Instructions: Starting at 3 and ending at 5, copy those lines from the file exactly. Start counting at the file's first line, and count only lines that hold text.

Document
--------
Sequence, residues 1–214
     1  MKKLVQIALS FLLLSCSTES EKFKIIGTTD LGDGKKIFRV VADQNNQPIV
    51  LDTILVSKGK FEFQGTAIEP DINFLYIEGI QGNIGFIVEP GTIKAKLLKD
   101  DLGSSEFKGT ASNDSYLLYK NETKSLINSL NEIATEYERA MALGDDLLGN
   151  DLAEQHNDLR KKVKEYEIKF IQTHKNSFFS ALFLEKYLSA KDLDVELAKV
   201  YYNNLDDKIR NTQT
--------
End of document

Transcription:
    51  LDTILVSKGK FEFQGTAIEP DINFLYIEGI QGNIGFIVEP GTIKAKLLKD
   101  DLGSSEFKGT ASNDSYLLYK NETKSLINSL NEIATEYERA MALGDDLLGN
   151  DLAEQHNDLR KKVKEYEIKF IQTHKNSFFS ALFLEKYLSA KDLDVELAKV